Monday, January 13, 2014

Be smart with your smart phone

During swimming lessons one summer day, a little girl jumped from the pool and ran dripping to her mother, pleading, “Mommy, don’t text with your phone or do anything with your phone!”

She was determined that Mommy would watch her show off a new skill.

It reminded me put my phone in my pocket and watch my grandkids swim.

I soon had it out again, taking their photos.

Often in this column, I’ve posed a problem, then offered neat solutions.  But I don’t have many answers this time.  During the holidays, I felt left out sometimes when everyone around me was looking at a tiny screen, but since I have a smart phone, there were times when I made others feel the same way.

Many of us have said (or felt like saying) to people from three to 93—“Please don’t text, talk, tweet or play that game for just a minute—I need your full attention.”

Smart phones are so multi-faceted that it isn’t surprising that we often use them for calls, texts, social networking, game-playing, music, movies, finding addresses, finding our way to addresses, photography, and so on.  With data plans, everything that the Internet offers is at our fingertips nearly anywhere. 

And there’s the rub.  Experts report a new kind of addiction—people who pull their phones out of their pockets or purses constantly.

I took a Father’s Day photo (on my phone!) of father-in-law, husband, son-in-law and grandson lined up on the couch, staring at screens. I would have preferred to see them talking, wrestling, or doing just about anything else together.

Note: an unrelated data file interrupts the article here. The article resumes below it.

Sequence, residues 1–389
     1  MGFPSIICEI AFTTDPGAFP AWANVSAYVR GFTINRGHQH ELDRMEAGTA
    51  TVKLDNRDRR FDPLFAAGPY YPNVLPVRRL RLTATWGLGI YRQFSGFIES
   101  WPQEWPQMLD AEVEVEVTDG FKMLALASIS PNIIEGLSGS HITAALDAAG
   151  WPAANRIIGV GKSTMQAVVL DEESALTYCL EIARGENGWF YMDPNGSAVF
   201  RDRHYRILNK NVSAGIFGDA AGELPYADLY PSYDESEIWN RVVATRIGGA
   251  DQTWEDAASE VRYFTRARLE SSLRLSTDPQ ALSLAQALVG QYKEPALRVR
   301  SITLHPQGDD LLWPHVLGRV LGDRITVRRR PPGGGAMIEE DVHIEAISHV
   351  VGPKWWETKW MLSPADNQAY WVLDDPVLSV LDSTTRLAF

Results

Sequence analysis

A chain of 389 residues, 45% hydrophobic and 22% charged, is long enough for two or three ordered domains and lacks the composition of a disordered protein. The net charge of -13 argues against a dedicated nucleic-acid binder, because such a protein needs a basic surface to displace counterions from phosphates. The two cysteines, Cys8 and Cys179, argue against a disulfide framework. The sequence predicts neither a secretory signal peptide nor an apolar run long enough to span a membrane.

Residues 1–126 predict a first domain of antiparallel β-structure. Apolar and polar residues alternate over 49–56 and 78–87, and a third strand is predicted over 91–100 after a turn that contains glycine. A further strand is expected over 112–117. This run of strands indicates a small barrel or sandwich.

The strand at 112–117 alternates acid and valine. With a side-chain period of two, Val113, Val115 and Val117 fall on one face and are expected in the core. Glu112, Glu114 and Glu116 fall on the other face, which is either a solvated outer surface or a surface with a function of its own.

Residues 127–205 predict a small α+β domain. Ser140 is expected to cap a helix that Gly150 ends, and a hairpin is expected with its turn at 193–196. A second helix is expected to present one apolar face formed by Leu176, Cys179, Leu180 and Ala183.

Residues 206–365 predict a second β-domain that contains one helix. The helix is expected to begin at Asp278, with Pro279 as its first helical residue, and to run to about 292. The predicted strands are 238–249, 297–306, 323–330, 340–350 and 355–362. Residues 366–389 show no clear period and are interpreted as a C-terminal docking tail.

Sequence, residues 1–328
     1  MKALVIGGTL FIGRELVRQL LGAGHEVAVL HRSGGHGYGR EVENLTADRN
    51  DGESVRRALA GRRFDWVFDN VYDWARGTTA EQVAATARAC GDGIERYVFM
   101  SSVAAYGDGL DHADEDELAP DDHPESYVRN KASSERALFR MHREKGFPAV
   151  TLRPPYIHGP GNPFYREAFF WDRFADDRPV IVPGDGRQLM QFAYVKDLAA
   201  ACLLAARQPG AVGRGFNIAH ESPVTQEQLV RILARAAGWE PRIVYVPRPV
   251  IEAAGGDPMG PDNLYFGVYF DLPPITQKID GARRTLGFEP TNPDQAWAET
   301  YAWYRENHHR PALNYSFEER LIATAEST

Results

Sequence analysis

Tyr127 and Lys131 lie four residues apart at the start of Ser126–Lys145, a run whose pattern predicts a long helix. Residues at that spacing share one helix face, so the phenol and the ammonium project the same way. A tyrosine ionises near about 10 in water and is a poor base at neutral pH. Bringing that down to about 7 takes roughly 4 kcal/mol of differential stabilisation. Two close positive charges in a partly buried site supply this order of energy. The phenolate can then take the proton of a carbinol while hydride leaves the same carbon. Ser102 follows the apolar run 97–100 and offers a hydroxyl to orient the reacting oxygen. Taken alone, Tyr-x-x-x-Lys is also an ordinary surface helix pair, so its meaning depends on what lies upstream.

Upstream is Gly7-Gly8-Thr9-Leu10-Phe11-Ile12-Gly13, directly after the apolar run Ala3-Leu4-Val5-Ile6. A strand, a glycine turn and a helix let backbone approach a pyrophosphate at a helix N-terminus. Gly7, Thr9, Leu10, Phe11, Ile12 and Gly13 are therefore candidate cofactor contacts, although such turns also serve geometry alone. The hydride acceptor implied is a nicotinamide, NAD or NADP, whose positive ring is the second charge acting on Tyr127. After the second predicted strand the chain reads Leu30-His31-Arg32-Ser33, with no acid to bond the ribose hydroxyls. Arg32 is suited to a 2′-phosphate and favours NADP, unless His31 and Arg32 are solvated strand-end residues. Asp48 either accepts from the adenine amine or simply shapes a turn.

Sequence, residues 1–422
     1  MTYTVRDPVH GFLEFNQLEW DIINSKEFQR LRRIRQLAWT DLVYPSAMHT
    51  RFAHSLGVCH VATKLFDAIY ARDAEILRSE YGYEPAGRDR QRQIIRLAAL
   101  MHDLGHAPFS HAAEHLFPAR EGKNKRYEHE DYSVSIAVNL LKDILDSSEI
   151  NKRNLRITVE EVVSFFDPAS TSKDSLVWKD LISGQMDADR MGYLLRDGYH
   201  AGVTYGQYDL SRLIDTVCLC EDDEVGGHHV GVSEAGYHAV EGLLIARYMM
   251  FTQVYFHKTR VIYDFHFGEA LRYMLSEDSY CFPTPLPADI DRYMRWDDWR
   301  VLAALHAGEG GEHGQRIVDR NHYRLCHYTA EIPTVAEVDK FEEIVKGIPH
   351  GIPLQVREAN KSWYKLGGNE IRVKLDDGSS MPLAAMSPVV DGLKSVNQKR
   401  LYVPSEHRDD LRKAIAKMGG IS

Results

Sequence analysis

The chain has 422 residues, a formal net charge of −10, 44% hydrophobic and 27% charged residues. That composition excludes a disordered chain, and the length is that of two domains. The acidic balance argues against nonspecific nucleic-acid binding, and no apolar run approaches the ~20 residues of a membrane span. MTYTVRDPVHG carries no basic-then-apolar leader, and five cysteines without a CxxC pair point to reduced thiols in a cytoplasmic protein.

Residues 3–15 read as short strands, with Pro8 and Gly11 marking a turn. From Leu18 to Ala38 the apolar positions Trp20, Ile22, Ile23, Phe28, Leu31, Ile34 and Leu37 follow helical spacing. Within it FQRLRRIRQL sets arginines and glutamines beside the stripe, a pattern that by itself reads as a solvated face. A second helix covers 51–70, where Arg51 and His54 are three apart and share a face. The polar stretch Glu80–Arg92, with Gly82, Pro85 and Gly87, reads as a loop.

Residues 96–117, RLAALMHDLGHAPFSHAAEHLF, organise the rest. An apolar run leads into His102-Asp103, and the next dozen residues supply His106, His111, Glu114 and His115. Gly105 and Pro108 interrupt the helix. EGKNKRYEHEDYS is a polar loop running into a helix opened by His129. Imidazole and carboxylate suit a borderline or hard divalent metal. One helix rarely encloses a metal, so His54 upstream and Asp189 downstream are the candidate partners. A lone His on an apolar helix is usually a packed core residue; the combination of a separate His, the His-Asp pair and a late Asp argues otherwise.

Pediatric experts say parents ought to limit screen time for children, who need lots of whole body movement so their bodies can grow, and conversation so they learn language—because that happens with talking and listening, not with an app or educational game.  When parent or child is occupied with a screen, neither is communicating.

I’ve let grandchildren use technology to buy myself peace and quiet.  Yet I’m discouraged when they spurn my offers to read stories—and screens are as bad as candy for causing infighting in kids!

Recently, I turned into one angry bird, sweeping the screens to the top of the fridge and yelling, “I’m a troll and you’re the three Billy Goats Gruff.  I dare you to walk over my bridge!”  We play-acted four stories, and all felt better.

Robin Sloan, a writer, gave up his phone, saying, “. . . the phone had become a toxic compulsion, [invading] those minutes riding the train or waiting in line that used to be such fertile territory for daydreaming and story making.”

Peter Cohen, a writer at The Loop, got rid of his phone, writing, “I’m more present . . .I no longer blankly pull out my phone and start fiddling with it mid-conversation. If you do that, stop. It’s really rude.” 

Ironically, he says using a smart phone made him “dull and more than a bit stupid.”

I’m not ready to toss my phone, but my 2014 motto is from Mama: “People are more important than things.”  Even magical phones.